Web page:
By: Pastor Jarren Rogers
“The way of sin is down-hill; a man cannot stop himself when he will. Suppress the first emotions of sin, and leave it off before it be meddled with.” – Matthew Henry
I have a problem with trash in my car. It usually goes like this:
It begins with a gum wrapper. I crumple it up and toss it into the cup holder and go about my business. The next day I grab a Snickers bar after lunch. Once I’ve finished it, I drop the chocolate-coated wrapper into the cup holder to join the gum wrapper. And so, the pattern continues. I add bits and pieces of trash, straw wrappers, and used napkins to the pile until my cup holder is overflowing with trash.
At this point, it’s spilled into the other cup holder. Some of it has tumbled to the floor or gotten lost in between the seats. Candy that somehow made it out of the trash pile is now ground into the carpet.
But everything changes when my wife slips into the passenger seat. I feel guilty about how messy my car has become. Suddenly, my mess takes on a whole different perspective.
It is then that she directs me to the car wash. My wife gathers up handfuls of my wrappers, napkins, and old candy, and throws them in the big trash cans. Then, we take turns using the outdoor vacuums, running them up and down the carpets, between the seats, and in the cup holders. Careful not leave behind a crumb. Then, so the outside matches the cleanliness of the inside, we drive through the car wash.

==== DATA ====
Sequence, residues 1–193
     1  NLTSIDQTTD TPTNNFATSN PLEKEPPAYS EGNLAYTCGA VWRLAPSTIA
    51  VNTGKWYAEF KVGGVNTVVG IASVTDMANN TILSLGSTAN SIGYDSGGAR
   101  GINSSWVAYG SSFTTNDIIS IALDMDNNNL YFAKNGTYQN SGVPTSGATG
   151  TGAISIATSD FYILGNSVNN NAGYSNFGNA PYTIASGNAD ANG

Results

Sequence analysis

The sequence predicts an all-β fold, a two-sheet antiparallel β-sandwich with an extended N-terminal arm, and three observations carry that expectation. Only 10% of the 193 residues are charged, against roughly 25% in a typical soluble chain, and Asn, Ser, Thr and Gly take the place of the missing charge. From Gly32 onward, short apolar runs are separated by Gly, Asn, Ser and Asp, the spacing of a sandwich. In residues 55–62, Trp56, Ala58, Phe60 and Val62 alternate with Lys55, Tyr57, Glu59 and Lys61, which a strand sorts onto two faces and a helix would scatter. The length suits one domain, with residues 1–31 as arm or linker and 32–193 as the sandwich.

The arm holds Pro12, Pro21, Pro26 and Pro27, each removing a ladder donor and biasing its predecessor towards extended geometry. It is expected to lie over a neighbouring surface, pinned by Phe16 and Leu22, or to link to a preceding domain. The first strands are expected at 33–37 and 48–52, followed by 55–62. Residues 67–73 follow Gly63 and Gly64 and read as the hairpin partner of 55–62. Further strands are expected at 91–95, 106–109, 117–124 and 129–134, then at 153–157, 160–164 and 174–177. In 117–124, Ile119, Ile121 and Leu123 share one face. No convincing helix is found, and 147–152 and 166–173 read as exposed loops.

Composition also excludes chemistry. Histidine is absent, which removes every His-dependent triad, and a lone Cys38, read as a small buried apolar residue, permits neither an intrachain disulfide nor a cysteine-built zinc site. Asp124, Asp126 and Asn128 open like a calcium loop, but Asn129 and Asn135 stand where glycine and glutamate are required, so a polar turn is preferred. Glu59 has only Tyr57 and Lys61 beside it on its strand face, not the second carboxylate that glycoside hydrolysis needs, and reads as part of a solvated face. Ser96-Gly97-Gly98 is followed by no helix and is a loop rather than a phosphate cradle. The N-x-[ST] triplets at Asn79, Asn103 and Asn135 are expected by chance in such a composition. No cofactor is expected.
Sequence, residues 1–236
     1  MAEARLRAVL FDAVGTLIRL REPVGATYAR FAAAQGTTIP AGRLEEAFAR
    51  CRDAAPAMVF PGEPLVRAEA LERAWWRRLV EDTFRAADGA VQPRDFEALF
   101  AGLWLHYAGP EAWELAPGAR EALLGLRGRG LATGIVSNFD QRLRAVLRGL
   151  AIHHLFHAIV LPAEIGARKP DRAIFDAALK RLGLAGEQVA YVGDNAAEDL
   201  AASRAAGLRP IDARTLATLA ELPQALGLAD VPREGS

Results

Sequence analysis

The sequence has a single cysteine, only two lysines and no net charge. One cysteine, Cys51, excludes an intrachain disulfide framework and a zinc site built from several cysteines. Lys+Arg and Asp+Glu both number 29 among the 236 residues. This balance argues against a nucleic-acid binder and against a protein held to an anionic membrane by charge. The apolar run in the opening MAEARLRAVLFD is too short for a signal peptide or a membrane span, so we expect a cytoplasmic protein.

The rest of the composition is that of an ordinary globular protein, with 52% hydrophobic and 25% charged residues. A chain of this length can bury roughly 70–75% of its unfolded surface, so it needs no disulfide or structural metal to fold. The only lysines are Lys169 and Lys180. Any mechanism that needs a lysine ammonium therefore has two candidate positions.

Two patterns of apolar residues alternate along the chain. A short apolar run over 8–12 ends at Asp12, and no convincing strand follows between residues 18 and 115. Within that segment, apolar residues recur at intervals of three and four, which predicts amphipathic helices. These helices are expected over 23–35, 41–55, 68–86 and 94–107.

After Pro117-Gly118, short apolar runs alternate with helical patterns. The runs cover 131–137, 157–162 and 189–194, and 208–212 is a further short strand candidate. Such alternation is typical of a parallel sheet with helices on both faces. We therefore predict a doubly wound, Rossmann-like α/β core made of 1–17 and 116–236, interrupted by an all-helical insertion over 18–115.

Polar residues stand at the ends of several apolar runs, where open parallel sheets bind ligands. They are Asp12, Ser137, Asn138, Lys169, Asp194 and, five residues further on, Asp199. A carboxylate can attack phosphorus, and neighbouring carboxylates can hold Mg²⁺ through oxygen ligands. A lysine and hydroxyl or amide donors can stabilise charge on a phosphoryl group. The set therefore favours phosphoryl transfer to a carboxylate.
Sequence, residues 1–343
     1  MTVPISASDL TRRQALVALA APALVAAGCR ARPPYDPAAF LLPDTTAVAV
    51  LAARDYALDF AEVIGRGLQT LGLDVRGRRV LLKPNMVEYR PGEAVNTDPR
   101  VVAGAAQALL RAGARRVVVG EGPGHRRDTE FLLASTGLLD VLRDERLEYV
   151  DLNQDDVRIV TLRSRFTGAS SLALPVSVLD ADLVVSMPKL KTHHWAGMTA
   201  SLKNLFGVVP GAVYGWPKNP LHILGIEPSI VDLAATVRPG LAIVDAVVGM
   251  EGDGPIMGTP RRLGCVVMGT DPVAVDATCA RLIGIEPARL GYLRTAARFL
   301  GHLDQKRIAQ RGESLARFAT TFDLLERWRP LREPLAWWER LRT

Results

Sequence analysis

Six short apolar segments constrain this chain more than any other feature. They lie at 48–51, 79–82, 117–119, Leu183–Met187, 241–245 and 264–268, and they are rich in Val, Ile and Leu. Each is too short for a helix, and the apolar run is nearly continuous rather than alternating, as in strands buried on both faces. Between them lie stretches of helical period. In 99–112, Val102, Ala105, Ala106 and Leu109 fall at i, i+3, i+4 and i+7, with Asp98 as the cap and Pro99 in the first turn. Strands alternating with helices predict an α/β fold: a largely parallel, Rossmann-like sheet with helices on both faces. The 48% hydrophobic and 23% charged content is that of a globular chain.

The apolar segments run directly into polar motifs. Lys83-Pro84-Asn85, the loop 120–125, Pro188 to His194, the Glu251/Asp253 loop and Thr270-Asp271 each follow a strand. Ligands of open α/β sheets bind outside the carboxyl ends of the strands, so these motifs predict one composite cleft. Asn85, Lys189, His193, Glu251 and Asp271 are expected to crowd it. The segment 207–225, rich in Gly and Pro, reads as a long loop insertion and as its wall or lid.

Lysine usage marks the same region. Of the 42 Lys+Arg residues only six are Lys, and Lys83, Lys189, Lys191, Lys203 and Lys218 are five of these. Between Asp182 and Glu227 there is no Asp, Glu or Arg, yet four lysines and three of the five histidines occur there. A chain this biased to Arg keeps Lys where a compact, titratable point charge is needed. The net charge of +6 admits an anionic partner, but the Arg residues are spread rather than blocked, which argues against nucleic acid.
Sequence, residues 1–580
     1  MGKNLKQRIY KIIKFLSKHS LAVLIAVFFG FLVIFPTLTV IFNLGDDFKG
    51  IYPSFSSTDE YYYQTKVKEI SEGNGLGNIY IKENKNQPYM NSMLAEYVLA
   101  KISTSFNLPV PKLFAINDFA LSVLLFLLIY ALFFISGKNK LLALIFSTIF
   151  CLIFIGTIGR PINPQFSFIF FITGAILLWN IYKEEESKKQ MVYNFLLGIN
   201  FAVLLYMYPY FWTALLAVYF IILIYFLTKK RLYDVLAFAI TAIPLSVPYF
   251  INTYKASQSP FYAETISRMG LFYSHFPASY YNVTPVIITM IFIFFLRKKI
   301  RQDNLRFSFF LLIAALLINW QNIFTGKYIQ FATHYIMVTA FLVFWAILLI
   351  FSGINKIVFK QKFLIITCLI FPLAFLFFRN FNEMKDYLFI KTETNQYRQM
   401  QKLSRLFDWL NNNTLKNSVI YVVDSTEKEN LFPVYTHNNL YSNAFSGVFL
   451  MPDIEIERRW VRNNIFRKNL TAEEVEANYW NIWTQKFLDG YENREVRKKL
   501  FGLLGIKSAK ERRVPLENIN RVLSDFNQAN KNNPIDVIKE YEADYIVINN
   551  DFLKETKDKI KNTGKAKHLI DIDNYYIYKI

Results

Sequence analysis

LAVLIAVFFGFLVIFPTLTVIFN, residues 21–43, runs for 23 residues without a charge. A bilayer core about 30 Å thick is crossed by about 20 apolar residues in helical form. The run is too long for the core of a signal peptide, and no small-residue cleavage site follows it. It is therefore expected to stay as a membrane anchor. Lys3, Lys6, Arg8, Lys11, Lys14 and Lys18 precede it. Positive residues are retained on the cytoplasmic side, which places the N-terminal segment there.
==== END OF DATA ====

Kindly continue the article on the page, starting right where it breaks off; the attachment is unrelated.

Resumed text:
I look at how clean my car has become and I am thankful for it, remembering how messy it had gotten and how my wife helped me make it clean again. I promise myself and my wife that I will never let it get that bad again.
The next week, on my way to work, I pull out a piece of gum, unwrap it, and throw the wrapper in the cup holder. The cycle begins again.
You see, sin is a lot like the trash that fills that cup holder. It always begins slowly, maybe in a small way. We know what we did was bad and we vow never to do it again. But the next day or week we find ourselves, once again, falling into the same trap.
That sin builds up and grows like a snowball tumbling down a snow-covered hill. What we had thought was a “small sin” has grown into a huge, terrible, sin-saturated life.
It isn’t until Jesus enters into the picture that we feel the guilt of what we’ve done.
But he doesn’t leave us in our sin. He picks up handfuls of our sin, throws it out, and forgets it. He cleanses us completely and removes our guilt and our shame.
The question is this:
Will you let the cycle continue?
Parents: Ask your children what sin is. Have a conversation with them about how sin can be a slippery slope. Tell them that God wants to remove their sin and guilt from them.